A high-end St. Louis dealership that's accusing Ferrari North America of reneging on a promised franchise will be able to pursue most of its claims.
But the federal judge who allowed the case to go forward dismissed allegations that Ferrari violated Missouri's dealer law because the dealership never had a written franchise agreement.
The dealership, St. Louis Motorsports, became an authorized Maserati dealer in 2003 and a service-only provider for Ferrari vehicles in 2005, according to the lawsuit. Until around 2005, Ferrari North America imported and distributed Maserati and Ferrari vehicles, the suit says.
St. Louis Motorsports and its sole shareholder, Bentley Holdings, claim that in 2003-04 they were fraudulently induced to buy "poor-performing and overpriced Maserati vehicles to resell at a loss" in exchange for eight "very profitable" Ferrari vehicles and a franchise.
The offer was part of a Ferrari strategy "to overcome U.S. Maserati dealers' hesitation to purchase new Maserati vehicles," the lawsuit alleges. Maserati had stopped selling vehicles in the United States from 1991 to 2002, in part because of customer complaints about reliability issues, according to the suit.
Robert Zarco of Miami, a lawyer representing St. Louis Motorsports, said his clients relied on promises from a senior Ferrari representative "and expended millions of dollars in order to live up to their side of the bargain," including buying property for a showroom.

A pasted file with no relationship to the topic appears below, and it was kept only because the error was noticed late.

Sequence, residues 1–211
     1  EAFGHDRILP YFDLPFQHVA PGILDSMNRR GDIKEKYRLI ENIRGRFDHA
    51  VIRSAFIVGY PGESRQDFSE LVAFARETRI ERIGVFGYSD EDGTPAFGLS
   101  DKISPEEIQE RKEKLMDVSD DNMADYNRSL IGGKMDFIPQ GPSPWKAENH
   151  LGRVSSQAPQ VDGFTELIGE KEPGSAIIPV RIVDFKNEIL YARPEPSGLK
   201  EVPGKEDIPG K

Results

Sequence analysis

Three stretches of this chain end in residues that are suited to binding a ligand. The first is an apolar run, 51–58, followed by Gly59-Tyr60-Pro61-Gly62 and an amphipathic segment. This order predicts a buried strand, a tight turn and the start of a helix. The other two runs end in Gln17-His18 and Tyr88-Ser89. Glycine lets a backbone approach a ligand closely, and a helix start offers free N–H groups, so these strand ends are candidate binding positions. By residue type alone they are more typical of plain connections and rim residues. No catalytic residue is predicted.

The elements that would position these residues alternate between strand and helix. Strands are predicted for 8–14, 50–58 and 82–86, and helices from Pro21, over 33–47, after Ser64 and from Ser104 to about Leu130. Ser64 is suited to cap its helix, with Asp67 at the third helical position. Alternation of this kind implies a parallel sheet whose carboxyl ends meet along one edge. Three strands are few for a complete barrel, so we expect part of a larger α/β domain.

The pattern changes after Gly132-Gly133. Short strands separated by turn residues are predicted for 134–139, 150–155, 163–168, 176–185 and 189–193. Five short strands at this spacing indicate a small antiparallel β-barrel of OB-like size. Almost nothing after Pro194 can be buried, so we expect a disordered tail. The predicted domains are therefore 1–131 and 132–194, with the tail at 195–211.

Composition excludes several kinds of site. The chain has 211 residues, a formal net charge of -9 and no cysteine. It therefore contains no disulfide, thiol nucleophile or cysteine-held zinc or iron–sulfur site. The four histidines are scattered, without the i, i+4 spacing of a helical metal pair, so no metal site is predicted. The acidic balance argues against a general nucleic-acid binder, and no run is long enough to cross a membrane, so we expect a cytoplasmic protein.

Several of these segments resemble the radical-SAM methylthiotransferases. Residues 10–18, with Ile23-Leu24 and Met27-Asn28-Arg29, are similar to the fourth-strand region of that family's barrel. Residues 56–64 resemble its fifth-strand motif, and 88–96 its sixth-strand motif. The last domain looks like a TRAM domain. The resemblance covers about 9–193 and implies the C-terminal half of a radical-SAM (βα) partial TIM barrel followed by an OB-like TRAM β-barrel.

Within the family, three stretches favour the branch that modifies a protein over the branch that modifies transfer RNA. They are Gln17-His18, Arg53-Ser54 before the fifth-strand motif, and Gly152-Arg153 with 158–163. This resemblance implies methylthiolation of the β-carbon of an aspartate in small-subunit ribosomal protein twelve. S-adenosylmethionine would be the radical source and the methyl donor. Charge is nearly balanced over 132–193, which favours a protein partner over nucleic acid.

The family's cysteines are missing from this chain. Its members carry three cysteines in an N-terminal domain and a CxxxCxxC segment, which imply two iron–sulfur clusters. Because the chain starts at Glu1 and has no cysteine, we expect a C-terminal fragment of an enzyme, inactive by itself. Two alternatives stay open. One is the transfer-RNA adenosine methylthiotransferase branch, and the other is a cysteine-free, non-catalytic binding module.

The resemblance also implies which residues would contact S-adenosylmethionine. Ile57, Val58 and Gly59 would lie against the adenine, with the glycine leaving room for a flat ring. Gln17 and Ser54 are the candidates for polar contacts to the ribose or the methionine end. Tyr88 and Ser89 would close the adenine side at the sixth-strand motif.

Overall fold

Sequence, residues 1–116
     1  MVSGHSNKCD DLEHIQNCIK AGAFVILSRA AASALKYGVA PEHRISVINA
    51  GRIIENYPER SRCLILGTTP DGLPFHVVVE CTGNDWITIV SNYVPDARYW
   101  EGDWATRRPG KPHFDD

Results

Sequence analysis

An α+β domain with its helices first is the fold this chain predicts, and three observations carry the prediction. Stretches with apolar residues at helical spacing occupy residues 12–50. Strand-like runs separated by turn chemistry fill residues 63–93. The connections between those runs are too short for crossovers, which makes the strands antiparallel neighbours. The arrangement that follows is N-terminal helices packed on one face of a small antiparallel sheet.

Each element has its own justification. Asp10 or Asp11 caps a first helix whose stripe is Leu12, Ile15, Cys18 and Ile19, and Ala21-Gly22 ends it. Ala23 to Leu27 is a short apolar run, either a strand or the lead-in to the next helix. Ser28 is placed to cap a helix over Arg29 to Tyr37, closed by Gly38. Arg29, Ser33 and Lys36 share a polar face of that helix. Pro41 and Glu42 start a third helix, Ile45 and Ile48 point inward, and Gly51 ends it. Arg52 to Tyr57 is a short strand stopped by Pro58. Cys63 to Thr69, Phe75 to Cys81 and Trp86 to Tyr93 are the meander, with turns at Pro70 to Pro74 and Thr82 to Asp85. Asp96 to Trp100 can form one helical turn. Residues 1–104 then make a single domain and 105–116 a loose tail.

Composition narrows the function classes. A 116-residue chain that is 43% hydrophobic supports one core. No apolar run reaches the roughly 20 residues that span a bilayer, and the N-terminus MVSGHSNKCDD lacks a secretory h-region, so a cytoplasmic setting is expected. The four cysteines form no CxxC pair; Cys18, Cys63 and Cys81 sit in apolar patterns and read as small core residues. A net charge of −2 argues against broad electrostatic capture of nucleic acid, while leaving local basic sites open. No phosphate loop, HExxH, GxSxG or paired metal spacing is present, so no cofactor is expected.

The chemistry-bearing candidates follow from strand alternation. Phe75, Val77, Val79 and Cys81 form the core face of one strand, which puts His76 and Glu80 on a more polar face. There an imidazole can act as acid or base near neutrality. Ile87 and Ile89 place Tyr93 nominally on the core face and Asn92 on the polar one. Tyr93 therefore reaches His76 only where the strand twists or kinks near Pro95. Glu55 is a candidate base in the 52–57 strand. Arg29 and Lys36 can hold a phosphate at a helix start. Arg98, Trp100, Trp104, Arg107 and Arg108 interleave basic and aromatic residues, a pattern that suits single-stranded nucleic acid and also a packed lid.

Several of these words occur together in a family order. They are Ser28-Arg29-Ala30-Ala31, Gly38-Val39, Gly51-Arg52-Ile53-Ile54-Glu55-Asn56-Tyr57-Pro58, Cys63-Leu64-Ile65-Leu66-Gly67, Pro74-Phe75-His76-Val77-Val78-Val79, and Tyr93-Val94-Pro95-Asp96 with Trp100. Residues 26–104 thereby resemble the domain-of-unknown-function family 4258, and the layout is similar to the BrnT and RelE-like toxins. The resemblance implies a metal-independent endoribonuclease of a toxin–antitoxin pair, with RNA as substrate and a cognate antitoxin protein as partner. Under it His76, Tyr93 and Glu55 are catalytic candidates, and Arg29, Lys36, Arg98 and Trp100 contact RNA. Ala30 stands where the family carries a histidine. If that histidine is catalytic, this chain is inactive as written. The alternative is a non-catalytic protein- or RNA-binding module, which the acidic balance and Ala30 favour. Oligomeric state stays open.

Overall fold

He added: "My clients developed that enormous goodwill value of the Ferrari brand in the flourishing St. Louis market."
Motorsports also sells Rolls-Royce, Aston Martin, Lamborghini, Lotus and Bentley vehicles.
The suit accuses Ferrari North America of breach of oral contract, negligent misrepresentation, fraudulent inducement, civil conspiracy, breach of Missouri's motor vehicle franchise law and related claims, and seeks compensatory and punitive damages.
The count alleging violation of Missouri dealer law accused Ferrari of bad faith, refusing to supply new vehicles to Motorsports and inequitably distributing vehicles among its dealers.
Ferrari denied liability and countered that it never planned or promised a franchise in the St. Louis area. It also argued that the statute of limitations had expired and asked U.S. District Judge Rodney Sippel to throw out the case.
The judge found sufficient facts for most of the suit to proceed.
But he said the plaintiffs lack legal standing for the dealer law claim because they never had a written Ferrari dealership agreement.
"To the contrary," the judge said, "their entire complaint is based on the argument that Ferrari allegedly reneged on its oral promises and failed to provide such a written agreement." The judge also said the plaintiffs' conspiracy claim lacks merit because there was no allegation that Ferrari and its representatives conspired with anybody outside the corporation.
Zarco, the plaintiff's lawyer, said discovery now will proceed and a trial could come at the end of 2013.
A Ferrari spokeswoman says the company can't comment because the dispute is in litigation.